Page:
First selectman tours Fawn Hollow to assess space needs

Superintendent Joseph Kobza, left, and First Selectman Terry Rooney discuss space needs at Fawn Hollow Elementary School with Principal Leigh Metcalf Ances last Friday.

MONROE, CT — First Selectman Terry Rooney and Superintendent Joseph Kobza toured Fawn Hollow Elementary School with Principal Leigh Metcalf Ances Friday afternoon to assess the school’s space needs amid the budget process.

The Board of Education recently approved a $72.5 million budget for Monroe’s five public schools, a request with a 7.15 percent spending increase for fiscal year 2024-25. The budget is now on the first selectman’s desk.

“It’s a significant increase and it is my responsibility to be fiscally responsible to the taxpayers and the town — and to understand the needs that are being created by growth in Monroe,” Rooney said.

Student population increases have had the biggest impact on Fawn Hollow, so the first selectman visited the school to have a better understanding of how educators are using space in their building. Rooney said he also wanted to see the justification for the Facilities Study first hand.

“We’re at full capacity,” Ances said.

She led Rooney and Kobza to the All-Purpose room, which was bustling with activity. A door to a back room led to a space where Alejandro Jiminez, a part-time music teacher, taught a lesson to second-graders, who sat in a circle on the floor.

Jiminez stood up, walked to his piano and asked his students to gather around him to perform their Martin Luther King song for their principal.

“Freedom, let it ring for Dr. King. Let us sing in harmony, peace and love for you and me,” the children sang while their teacher played the piano.

Superintendent Joseph Kobza, First Selectman Terry Rooney and Fawn Hollow Principal Leigh Metcalf Ances listen to a song by music teacher, Alejandro Jiminez’s second grade class.

Ances smiled and clapped enthusiastically when they were finished. “What a good message,” she said.

Ances said Scientific Research Based Intervention (SRBI) has increased instruction that is one-on-one and with smaller groups, creating the need for more smaller spaces.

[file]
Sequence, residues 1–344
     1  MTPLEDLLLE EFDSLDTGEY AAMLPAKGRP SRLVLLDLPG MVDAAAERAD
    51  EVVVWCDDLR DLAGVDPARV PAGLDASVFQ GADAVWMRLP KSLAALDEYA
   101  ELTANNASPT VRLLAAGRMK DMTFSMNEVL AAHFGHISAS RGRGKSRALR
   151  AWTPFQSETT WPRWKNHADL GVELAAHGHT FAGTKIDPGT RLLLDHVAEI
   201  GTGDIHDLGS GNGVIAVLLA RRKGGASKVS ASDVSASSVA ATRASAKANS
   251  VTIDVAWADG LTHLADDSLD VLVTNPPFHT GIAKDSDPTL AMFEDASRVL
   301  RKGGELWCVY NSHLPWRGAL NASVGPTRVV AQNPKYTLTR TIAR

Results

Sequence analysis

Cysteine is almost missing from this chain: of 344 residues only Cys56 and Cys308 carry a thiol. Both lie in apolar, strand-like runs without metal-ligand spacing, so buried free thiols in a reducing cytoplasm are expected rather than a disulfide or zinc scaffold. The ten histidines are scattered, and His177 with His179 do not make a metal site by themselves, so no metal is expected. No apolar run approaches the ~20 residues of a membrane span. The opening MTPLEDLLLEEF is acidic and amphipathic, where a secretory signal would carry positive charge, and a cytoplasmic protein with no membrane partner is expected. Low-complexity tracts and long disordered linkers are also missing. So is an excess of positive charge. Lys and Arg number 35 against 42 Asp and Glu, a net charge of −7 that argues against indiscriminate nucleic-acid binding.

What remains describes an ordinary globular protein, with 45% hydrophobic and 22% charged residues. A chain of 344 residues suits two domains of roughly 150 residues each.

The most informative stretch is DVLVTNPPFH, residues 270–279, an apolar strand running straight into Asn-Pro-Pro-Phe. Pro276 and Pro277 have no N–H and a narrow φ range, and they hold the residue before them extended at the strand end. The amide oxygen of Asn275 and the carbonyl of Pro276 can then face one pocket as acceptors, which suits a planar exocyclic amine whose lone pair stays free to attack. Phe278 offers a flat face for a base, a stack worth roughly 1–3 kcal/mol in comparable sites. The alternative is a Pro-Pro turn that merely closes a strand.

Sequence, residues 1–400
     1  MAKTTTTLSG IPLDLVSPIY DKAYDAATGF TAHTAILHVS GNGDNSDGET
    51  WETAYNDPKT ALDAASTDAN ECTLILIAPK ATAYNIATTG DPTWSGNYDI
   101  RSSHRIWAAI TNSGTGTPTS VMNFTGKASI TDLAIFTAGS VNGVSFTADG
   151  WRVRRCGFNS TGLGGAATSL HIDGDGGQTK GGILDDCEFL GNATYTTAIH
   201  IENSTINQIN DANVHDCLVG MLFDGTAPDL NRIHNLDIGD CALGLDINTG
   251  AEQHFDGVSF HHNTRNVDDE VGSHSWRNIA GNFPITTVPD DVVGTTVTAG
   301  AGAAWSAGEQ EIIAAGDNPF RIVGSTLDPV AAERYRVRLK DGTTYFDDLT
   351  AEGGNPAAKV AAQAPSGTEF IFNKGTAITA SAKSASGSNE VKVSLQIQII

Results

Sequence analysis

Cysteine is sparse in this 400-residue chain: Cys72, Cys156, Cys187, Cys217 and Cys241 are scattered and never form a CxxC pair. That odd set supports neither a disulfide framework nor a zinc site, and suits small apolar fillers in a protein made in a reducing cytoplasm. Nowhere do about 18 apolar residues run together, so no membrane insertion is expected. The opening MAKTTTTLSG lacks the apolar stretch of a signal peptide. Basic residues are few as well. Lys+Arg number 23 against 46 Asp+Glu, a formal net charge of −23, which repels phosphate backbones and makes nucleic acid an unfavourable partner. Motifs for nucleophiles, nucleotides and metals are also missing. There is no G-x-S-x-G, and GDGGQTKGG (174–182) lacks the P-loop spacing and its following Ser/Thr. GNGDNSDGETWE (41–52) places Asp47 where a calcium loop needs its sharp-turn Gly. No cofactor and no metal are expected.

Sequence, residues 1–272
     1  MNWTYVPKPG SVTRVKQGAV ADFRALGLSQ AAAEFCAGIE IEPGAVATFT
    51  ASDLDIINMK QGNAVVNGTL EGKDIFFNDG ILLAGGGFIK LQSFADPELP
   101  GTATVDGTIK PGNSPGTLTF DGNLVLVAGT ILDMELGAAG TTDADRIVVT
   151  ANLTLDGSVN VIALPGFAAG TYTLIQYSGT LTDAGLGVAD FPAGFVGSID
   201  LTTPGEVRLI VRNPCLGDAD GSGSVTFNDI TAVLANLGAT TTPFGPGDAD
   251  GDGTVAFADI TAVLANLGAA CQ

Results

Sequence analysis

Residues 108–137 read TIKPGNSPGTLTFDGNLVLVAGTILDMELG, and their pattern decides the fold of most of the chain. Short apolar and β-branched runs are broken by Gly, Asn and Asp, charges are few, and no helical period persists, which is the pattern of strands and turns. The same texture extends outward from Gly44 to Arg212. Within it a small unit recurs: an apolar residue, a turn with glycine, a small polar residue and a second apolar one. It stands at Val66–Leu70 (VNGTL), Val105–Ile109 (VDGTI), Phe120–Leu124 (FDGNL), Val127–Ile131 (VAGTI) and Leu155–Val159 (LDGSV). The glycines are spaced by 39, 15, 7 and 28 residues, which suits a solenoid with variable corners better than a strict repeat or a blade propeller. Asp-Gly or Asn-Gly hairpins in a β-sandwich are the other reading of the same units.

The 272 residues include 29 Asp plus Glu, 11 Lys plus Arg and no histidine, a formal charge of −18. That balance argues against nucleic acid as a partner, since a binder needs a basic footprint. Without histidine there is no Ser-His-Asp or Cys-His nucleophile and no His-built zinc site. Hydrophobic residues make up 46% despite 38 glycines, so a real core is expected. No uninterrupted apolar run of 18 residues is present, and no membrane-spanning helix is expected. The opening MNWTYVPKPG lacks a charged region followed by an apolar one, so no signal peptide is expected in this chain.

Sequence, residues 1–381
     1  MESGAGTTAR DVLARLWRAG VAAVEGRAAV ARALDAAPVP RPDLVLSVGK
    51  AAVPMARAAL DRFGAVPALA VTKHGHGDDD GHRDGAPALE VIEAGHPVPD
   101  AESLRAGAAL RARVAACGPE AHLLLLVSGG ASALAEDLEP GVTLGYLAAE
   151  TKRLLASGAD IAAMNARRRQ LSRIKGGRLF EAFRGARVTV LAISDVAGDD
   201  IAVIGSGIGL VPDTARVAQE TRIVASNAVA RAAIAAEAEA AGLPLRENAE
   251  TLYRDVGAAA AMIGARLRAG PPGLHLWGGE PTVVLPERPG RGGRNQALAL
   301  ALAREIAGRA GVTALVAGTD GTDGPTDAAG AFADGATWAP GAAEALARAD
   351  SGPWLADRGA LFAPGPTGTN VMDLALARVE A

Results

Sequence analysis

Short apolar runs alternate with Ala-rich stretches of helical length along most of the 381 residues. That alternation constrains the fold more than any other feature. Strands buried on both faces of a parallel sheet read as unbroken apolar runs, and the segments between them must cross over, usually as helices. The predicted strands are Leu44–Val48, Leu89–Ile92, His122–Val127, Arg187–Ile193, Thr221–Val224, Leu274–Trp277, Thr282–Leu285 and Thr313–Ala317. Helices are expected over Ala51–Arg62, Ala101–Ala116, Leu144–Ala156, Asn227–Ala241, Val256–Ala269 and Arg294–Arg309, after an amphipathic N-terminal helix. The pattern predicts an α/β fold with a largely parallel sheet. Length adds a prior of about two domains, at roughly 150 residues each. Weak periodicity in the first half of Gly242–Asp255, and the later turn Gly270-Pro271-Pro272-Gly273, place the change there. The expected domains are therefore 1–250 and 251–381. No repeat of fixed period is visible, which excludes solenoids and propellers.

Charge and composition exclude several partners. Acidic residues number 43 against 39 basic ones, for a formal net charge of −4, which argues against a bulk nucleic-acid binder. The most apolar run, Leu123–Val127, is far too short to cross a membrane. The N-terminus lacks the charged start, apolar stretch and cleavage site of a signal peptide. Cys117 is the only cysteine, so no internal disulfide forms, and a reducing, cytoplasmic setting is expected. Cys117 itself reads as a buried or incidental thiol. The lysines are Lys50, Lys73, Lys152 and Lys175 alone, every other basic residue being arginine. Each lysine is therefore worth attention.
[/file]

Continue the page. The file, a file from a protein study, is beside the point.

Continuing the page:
She took Rooney and Kobza into a classroom where three certified teachers worked quietly with children one-on-one. On the other side of the room, a teacher helped children seated around a table with their spelling. Just a few feet away, another teacher used a screen to lead a boy through a math problem.

“We’re sharing our space, so we have multiple teachers in the same classroom doing their thing at the same time, so it can pose a challenge,” Ances said.

“Is there a way to make isolated spaces in the rooms for multiple teachers?” Rooney asked, while walking down the hallway.

Aside from some room dividers, Ances said staff places shelves, white boards and other furniture in ways to create separate spaces.

A Fawn Hollow teacher gives a spelling lesson to three students.

Rooney said he was talking about partitions for work stations, possibly with drywall, adding he did not know what would be allowed, but wanted to share ideas to start a discussion.

Kobza and Ances said they would have to talk to Fire Marshal William “Bill” Davin about it.

Rooney suggested the possibility of using sheetrock with some soundproofing to make three small rooms out of a larger one.

“It’s not a solution to all your problems, just some thoughts of things you can do or say it doesn’t work,” he said.

A physical education classroom was being used simultaneously for two first grade gym classes, one taught by Jenna Rice and another by Pam Pascarella.

Near the end of the tour, Ances showed Rooney Classroom 20-A and 20-B, which is divided by a partition. It used to be a teacher workroom with copier machines and other equipment, before being used for classes.

“How’s that for a sound barrier?” Rooney asked.

“It’s not great, but it dulls it,” Ances said.

While high school students can be moved to different periods to manage classroom sizes, Kobza said elementary schools do not have that same flexibility. When the student population grows enough, a new classroom is needed.

Outside Fawn Hollow, he and Ances showed Rooney where portable classrooms will go if needed, in back of the building where the playings fields are.

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1 Comment

  1. Yup – go for it – raise the taxes – get some more seniors to sell to buyers with school age children – make the schools even more crowded – raise the taxes again – that’ll work

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